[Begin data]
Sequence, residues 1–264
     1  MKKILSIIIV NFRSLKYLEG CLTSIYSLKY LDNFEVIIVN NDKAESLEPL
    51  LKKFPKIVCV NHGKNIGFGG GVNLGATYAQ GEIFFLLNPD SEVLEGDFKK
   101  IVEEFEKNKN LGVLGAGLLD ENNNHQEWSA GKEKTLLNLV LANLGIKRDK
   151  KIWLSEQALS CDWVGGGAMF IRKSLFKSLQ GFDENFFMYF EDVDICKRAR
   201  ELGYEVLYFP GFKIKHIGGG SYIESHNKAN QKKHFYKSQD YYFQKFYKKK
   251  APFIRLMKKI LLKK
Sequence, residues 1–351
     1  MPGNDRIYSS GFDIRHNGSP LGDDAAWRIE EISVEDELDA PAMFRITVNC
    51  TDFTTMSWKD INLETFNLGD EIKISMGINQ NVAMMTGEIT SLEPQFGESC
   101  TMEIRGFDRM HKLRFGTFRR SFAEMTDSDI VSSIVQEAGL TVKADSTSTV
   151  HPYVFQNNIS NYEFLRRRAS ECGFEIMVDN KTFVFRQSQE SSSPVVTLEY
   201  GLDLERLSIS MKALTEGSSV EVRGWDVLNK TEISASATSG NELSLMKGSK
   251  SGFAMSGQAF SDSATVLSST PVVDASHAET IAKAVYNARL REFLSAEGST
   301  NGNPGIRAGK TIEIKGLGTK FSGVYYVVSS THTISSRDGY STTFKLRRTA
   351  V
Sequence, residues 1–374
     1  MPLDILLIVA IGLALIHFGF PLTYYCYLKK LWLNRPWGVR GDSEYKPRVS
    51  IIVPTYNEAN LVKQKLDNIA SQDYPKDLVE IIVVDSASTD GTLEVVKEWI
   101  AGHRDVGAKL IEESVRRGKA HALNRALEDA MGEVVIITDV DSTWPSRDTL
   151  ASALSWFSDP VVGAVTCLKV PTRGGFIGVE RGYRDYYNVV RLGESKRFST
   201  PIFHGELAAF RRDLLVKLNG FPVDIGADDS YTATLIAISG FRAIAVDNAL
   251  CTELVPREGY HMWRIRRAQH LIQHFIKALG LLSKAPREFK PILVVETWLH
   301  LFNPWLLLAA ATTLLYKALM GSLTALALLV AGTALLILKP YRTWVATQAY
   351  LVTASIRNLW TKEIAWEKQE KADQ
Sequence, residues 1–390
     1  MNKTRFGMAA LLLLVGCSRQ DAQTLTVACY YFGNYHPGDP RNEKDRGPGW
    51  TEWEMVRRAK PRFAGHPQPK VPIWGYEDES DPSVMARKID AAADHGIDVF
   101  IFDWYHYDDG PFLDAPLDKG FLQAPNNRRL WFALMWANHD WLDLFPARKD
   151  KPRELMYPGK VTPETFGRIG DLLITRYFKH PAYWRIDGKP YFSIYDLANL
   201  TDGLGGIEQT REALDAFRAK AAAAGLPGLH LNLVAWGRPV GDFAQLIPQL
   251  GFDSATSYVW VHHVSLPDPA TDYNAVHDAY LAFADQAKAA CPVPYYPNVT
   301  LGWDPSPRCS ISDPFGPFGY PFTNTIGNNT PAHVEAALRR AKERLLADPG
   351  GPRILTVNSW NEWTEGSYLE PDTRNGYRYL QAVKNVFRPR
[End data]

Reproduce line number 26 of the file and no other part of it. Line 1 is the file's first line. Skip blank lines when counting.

Sequence, residues 1–390